Changes to tax on UK property and statutory residence rules are set to come into force this year. The draft statutory residence test rules have also been published which will be introduced from 6 April 2013. Karen Marks, partner at private client legal practice and advisory firm New Quadrant Partners in London points out that there are a number of day counting tests and conditions that need to be analysed in order to ascertain a person’s residence status. The rules are complex but at present, the draft rules introduce three strands to the test, explains Marks. "First, automatic overseas test to ascertain if the individual is definitely not UK resident; secondly automatic residence test to ascertain if the individual is definitely UK resident. Third, a sufficient ties test to ascertain the individual’s status if they are neither automatically UK resident nor not UK resident."
Marks adds: “As there are lots of different day count tests and key factors which need to be considered as they relate to each individual case, a thorough analysis of the rules must be undertaken. At present, the rules are in draft, once the rules are introduced it will be essential to read and apply the rules carefully to each case and not rely on summaries (even detailed ones) as the tests need to be analysed exactly.”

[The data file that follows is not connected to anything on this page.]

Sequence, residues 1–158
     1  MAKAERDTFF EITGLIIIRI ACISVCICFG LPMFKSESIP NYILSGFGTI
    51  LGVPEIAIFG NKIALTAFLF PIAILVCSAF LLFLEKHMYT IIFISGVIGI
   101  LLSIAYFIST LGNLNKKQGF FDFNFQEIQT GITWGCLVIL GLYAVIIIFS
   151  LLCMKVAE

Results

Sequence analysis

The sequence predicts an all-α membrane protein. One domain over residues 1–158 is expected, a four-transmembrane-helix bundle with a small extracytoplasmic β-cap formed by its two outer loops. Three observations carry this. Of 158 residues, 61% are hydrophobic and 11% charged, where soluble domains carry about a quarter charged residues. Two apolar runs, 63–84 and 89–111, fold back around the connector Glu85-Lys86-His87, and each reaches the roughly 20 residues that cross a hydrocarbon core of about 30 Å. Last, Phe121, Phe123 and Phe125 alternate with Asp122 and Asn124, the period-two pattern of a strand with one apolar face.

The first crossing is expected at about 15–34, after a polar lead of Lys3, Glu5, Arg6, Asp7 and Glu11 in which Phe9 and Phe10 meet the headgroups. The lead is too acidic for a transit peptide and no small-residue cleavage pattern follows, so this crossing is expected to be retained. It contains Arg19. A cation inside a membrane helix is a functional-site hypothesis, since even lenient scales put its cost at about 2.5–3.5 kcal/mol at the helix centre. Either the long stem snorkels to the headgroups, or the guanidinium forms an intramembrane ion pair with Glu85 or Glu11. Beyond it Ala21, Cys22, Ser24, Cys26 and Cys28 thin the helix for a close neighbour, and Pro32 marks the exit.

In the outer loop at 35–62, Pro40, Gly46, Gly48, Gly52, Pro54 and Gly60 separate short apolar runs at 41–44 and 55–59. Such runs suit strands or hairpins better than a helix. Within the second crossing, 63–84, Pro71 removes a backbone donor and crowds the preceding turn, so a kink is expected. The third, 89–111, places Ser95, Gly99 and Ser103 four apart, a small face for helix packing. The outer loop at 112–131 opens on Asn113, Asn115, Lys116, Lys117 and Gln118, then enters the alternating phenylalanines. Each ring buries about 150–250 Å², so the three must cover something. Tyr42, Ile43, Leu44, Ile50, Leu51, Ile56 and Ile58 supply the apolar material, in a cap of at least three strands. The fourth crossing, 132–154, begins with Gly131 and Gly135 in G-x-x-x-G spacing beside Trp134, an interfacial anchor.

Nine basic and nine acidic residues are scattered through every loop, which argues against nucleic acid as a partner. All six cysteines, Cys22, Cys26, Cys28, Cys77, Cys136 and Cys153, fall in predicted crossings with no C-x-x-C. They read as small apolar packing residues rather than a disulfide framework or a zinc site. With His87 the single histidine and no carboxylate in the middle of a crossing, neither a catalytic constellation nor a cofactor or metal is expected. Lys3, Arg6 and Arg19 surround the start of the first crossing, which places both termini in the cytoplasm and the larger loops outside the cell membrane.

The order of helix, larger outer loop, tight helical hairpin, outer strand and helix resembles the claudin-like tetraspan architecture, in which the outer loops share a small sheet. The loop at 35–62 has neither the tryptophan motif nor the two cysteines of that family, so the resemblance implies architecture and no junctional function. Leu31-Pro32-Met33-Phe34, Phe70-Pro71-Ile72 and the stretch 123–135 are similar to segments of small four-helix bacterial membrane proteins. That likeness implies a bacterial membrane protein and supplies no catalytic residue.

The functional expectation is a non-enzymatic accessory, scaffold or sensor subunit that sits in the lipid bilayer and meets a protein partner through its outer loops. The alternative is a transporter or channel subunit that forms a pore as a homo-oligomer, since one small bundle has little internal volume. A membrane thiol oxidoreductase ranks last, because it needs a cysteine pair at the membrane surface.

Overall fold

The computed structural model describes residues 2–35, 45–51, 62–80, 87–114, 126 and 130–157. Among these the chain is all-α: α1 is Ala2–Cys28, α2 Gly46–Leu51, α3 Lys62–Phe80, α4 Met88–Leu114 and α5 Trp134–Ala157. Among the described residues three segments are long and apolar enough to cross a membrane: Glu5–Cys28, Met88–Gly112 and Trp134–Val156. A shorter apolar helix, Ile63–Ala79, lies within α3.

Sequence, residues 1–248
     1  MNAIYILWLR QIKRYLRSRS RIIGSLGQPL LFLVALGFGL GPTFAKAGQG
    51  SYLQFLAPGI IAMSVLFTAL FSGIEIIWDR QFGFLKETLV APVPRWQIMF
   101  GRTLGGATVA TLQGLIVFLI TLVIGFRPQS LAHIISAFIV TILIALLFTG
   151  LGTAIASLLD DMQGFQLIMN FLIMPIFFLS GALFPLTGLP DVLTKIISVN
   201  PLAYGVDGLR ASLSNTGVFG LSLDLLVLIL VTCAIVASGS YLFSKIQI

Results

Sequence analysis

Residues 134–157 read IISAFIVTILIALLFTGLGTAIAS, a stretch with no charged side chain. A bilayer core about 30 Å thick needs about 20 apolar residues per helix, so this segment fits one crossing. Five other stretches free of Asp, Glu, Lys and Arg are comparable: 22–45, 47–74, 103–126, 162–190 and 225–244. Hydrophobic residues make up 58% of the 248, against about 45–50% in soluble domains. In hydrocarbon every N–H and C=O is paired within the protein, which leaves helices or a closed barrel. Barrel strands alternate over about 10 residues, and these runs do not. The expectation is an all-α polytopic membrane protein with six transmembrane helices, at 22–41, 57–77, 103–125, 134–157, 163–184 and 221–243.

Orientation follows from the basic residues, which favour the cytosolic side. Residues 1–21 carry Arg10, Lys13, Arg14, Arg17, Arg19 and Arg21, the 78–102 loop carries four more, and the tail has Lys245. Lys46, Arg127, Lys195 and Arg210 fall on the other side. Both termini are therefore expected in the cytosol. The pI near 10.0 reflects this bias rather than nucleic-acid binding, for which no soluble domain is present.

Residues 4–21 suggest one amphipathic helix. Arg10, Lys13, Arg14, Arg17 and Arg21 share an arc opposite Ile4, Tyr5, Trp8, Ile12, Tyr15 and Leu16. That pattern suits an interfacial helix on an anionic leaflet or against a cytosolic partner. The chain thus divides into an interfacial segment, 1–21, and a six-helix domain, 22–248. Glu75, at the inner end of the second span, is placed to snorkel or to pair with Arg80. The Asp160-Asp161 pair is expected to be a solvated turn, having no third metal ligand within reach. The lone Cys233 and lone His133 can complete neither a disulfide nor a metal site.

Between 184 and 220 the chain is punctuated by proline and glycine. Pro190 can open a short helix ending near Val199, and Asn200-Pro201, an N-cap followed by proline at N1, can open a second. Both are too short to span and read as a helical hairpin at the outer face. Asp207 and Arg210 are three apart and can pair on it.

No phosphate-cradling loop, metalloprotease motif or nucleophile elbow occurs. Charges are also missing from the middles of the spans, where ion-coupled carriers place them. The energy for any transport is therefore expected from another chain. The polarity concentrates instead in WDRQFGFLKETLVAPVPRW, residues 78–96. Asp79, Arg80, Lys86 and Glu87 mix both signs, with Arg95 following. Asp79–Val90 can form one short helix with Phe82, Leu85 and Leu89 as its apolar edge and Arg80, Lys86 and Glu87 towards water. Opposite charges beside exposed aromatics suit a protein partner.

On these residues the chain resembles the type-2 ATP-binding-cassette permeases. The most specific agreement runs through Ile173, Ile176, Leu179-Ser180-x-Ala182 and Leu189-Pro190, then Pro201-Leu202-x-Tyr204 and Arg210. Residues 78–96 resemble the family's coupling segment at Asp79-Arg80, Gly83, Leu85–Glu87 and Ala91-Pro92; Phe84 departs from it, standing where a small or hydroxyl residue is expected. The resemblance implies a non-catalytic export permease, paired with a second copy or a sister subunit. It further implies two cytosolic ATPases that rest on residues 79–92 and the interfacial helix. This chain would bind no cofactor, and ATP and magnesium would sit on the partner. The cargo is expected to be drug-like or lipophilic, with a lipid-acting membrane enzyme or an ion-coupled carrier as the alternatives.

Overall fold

In terms of the proposed taxation of high value residential property, Marks says that while the draft Finance Bill was published in December 2012, not all the draft clauses have yet been made available and further changes may be made before the Bill is passed in April 2013.
“An annual residential property tax (APRT) will be levied on residential properties valued over £2m owned by non-natural entities including companies. Certain non-natural entities will be exempt from the charge including companies acquiring and holding property for the purpose of rental to third parties on a commercial basis. Similar reliefs will also apply to the 15% Stamp Duty Land Tax (SDLT) on the purchase of properties valued at over £2m by companies,” she explains.
According to Marks, the charge does appear to be less punitive than originally set out as the tax will only be charged on the increase in value on or after 6 April 2013.
“This means that properties will effectively be rebased to their April 2013 value. The CGT rate will be 28% with a taper relief for properties close to the £2m threshold standing at a large gain. Certain companies will be relieved from the charge.”
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